Online communities have come a long way in just a bit more than a decade. Fully formed virtual worlds like Second Life exist and continue to provide examples of how it is possible to move real world systems like real estate, guided tours and job interviewing into a universe of bits and bytes.

But what makes a community? A feeling of place, a selection of individuals with a broad common interest but diverse experiences and opinions, venues for sharing, discussing a collaborating, rules and laws, an opportunity to contribute and even stake a claim for some of the land (virtual of course).

These attributes are part of several strong communities on the web such as Triggerstreet (which even has a Hall of Justice and citizen rankings), MousePlanet (which also plans physical meet ups) and our own Exit133.

Derek Young and Erik Hanberg stopped in to give a tour of the site and to discuss its inception and growth, as well as the strong local community of readers and contributors.

Exit133.com is about Tacoma, Washington, (and sometimes the surrounding Pierce County) so it has a definite sense of place. Derek launched the blog in its current form in May 2005 and it has grown into a valuable local resource for information, conversation (both in the comments section and the forum) community (whether it be bocce or otherwise).

Size of a community matters and the citizens who frequent Exit133 have grown in number to a degree that the site is treated on occasion as a media outlet. Not only have the number of readers/viewers grown, but so have the number of those commenting on the blog posts and the forums. As noted by Derek, the people who comment are often experts in their fields, making their insights all the more valuable to those participating in the discussions or utilizing those discussions as an information resource. This Consumer Generated Media (CGM) is the fuel that fires up the community engine. Civil participation without value is a mob; valuable participation with civility is society. (Does that sound like something the Sphinx from Mystery Men would say?).

Other attributes of the site include an events calendar, managed by the site operators and videos of events, artists and activities downtown, all with a Tacoma focus.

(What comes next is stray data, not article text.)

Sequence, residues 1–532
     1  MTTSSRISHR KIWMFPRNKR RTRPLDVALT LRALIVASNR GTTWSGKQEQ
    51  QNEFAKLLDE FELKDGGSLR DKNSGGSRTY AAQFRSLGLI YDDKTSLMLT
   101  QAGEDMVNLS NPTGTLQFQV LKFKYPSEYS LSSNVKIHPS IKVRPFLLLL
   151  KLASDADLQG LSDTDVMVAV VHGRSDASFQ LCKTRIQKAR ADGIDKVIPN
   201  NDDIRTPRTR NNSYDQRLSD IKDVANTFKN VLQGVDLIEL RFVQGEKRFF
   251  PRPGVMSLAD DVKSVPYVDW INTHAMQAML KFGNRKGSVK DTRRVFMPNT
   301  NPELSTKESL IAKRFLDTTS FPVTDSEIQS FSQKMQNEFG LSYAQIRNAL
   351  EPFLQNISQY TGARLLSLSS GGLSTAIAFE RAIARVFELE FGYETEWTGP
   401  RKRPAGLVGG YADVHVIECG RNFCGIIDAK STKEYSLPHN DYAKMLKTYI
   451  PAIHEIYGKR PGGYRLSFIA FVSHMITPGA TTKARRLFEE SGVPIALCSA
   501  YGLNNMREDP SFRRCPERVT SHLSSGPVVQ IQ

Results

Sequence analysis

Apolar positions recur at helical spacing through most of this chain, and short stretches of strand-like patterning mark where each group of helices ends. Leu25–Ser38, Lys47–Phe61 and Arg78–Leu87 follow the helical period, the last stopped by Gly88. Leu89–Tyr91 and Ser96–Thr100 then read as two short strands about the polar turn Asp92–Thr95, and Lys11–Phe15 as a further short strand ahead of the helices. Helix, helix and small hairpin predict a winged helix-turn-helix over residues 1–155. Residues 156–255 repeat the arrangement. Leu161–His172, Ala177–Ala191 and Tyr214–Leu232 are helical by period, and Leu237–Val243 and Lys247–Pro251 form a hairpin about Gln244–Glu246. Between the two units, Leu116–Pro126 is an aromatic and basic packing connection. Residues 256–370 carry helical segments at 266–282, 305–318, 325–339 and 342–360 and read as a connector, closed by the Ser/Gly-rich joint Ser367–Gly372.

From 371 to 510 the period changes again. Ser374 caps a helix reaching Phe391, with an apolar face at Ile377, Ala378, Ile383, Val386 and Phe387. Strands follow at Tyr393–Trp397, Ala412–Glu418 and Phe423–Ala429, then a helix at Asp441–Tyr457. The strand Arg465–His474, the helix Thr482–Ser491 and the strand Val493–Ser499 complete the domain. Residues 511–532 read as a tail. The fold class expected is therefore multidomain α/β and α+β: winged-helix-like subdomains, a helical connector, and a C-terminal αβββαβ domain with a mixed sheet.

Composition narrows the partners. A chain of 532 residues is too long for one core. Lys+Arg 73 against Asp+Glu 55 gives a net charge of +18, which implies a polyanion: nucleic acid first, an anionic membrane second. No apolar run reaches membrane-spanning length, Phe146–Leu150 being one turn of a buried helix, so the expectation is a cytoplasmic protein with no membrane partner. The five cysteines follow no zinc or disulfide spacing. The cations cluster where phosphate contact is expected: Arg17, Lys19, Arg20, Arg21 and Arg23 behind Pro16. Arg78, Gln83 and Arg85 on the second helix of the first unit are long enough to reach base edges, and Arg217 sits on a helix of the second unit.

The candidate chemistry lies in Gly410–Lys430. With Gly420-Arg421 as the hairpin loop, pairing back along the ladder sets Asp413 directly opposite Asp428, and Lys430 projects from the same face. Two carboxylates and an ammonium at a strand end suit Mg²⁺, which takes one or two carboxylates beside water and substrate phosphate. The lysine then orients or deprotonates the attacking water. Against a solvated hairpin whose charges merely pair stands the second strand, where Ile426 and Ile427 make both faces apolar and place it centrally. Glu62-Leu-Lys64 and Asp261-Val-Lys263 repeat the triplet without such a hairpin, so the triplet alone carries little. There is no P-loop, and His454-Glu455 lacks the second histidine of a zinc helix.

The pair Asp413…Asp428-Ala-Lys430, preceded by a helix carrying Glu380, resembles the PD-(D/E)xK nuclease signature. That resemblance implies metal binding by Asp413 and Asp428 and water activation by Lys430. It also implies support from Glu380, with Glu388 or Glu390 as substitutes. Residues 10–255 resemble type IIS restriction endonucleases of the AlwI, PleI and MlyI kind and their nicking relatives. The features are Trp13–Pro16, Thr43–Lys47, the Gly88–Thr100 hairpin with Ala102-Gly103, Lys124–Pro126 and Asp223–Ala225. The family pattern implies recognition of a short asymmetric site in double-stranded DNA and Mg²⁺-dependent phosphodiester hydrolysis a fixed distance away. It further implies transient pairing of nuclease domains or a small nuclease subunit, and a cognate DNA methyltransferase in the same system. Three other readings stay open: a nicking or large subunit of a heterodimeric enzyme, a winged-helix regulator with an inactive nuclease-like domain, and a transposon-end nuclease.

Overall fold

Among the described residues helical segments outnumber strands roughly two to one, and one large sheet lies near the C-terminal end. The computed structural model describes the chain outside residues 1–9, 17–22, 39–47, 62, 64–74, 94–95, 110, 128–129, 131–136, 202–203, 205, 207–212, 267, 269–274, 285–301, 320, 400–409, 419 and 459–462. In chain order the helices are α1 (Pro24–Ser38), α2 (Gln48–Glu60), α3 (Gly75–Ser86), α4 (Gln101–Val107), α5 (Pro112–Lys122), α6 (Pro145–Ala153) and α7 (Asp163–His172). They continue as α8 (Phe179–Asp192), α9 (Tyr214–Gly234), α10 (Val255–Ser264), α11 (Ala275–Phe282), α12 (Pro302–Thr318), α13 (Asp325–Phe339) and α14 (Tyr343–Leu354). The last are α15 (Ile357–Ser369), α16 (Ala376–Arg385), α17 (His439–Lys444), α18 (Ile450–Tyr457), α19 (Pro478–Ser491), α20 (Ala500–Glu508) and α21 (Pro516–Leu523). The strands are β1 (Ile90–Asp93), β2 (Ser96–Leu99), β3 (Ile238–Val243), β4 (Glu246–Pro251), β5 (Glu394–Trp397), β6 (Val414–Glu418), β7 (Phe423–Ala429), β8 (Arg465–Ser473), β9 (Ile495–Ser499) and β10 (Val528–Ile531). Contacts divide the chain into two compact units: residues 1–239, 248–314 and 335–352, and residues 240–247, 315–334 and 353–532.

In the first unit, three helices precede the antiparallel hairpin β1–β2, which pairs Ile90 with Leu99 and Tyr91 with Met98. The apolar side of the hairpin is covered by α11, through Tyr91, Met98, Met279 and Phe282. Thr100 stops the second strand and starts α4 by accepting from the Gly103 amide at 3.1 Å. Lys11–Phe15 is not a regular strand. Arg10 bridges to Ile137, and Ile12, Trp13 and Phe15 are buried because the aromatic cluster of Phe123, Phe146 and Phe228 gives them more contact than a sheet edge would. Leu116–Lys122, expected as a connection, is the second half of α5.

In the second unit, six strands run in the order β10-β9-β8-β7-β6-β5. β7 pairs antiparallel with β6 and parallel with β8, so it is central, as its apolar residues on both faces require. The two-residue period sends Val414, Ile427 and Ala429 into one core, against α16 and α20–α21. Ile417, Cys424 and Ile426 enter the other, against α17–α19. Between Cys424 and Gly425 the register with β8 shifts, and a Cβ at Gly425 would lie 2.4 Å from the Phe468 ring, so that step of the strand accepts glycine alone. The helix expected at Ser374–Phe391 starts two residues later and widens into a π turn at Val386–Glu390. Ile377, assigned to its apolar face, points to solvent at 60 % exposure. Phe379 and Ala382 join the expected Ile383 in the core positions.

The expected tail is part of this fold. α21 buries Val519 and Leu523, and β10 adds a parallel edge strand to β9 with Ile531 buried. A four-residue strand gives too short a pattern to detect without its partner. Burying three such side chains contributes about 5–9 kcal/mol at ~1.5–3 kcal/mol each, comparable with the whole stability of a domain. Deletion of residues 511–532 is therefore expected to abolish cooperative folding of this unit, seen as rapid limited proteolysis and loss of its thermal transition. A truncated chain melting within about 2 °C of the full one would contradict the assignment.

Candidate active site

Exit133 works because it maintains a common topical interest with contributions metered by a small dose of editorial control and a strong community standard. When someone gets out of line online, they are generally reeled in by other patrons of the site.

That area of interest can expand however, as is the case with Exit133b. Erik Hanberg, who also blogs at www.erikemery.com, is helping to grow this off ramp to arts and entertainment discussion with an intent to provide a resource similar to the main exit but for the arts community. I have written some theater reviews myself for this portion of the site. Known as the lighter side of the web site, Erik has attributed the “B” designation as not only an extension of the freeway sign metaphor, but also the “B” side of a single or even “B” for Beta, as they are still tinkering with the concept.

Perhaps when the "C" side launches, it will stand for community, something that already exists within the virtual boundaries just off of this exit.

Monday, November 19, 2007

Kindling My Interest

I am stuck.

What do I want for Christmas? What do I want to give for Christmas? What will be the device of the holidays?

One of my kids wants an iPod Nano. I like the new design and size. The grey version goes for 149.00 but then jumps 50 bucks for a different color. Really? For a color change? If I go this direction then I would just as soon by her the grey version and a skin of her choice.

Interestingly, there is substantial jump to the iPod classic in terms of space for files. Four Gig to Forty Gig with a 100 dollar change in price. How do you use up 40 Gig of space, or 80 Gig for that matter? Does the space fill up fast?

What about the Zune? I just read that it is the best selling music player on Amazon. Is 2.0 much better than the 1.0?

Another of my children would like a Nintendo DS, as there are two others in the household who already own and are using them to play games. It is distracting enough listening to just those two playing against each other in the family room, even with their headsets on. There will be complete silence for several minutes and out of nowhere, one or the other will jump off the couch yelling in victory or defeat. These sudden outbursts scare the heck out of me sometimes. Three would be worse no doubt.

Sudden jolts to the heart aside; this is probably safer than when we had a toddler crossing back and forth in front of two people playing the Wii sports package. Whether it be boxing, bowling or Wii tennis, I was certain the little boy was going to just get smacked as he continued to weave his way back and forth between the flailing arms of the oblivious players.

And the PS3 just got a substantial price cut.

Another device just introduced is the Kindle, which is featured on the Amazon home page. It is the latest attempt at a readable, easily portable and usable e-book (which I believe poses no physical threat). I really want one. At least I want the idea of one. Forbes and the New York Times have both exclaimed the virtues of Kindle 2.0. Too bad this is only version 1.0. All the talk is of what it could be, and not so much what it is.

I think it is fascinating that when you check out the product from the Amazon link on the home page, and drop to the product page that Amazon’s own strength is its weakness. Out of the 182 customer reviews on the page, 72 of them rated the product a 1 (lowest rating). Out of five stars it received two a one half stars.